MUSIC “THE HUXTABLES”
Ronny’s recurring segment on The Daily Show is called “Everything Is Stupid.” You could argue that’s the theme of a lot of his stand-up, too. But the one thing he won’t call out for being stupid is a restaurant.
Ronny Chieng: I don't actually like food critique. You know, I think it's very self-important, but...
Dan Pashman: Like restaurant critics and stuff?
Ronny Chieng: Yeah. I just don't like that attitude. Even Yelp. The amount of risk it takes to open a restaurant, you know. And for you to just, you know, shit on a place because, I don't know, they don't have enough napkins or something, I think is you know, I think if you make something, you can appreciate how hard it is for other people to make things, you know. And I think that informs how you view other people's creations. That includes food. You know, it's just so arrogant to go into a restaurant and be like this wasn't up to scratch or whatever. Like, what the fuck do you know about it? Have you been in a kitchen before? Have you ever tried to make something? Whatever the reason is. I'm definitely not like showcasing restaurants I don't like.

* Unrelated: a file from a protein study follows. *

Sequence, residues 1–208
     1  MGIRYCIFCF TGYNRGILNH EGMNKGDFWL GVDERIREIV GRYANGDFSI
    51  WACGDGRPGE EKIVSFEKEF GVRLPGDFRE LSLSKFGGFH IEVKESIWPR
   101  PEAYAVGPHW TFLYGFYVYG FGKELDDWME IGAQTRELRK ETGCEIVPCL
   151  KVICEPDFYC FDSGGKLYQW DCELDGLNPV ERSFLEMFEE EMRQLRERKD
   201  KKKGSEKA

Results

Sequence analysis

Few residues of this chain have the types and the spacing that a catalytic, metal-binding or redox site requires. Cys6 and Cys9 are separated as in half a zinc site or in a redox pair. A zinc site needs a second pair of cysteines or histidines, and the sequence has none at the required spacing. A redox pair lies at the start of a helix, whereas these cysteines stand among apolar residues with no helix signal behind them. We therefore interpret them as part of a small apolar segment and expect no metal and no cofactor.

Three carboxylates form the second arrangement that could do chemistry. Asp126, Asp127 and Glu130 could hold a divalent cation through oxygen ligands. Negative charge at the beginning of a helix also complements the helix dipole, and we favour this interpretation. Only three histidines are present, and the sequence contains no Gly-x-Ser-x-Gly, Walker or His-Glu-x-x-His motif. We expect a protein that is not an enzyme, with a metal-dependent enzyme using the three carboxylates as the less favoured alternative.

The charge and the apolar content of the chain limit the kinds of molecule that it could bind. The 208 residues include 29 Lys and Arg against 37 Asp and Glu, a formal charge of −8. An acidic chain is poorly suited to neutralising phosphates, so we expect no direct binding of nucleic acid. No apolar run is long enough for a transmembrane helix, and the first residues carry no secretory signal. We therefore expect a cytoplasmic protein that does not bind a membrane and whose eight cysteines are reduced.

Dan Pashman: And so let's say you're coming to a new city. You don't know much about what you know about where you want to eat. What are you looking for? Like what's your process to determine what that restaurant should be for you?
Ronny Chieng: Yeah. So my process would be I'll do some Googling to see what the best places in the city. I'll cross-reference that with Google Maps. And then I will ask locals if... is this place good, is this place legit?
Dan Pashman: And am I right? I read that you, you kind of are meticulous about logging restaurants you've been to and that you want to go to in your Google Maps.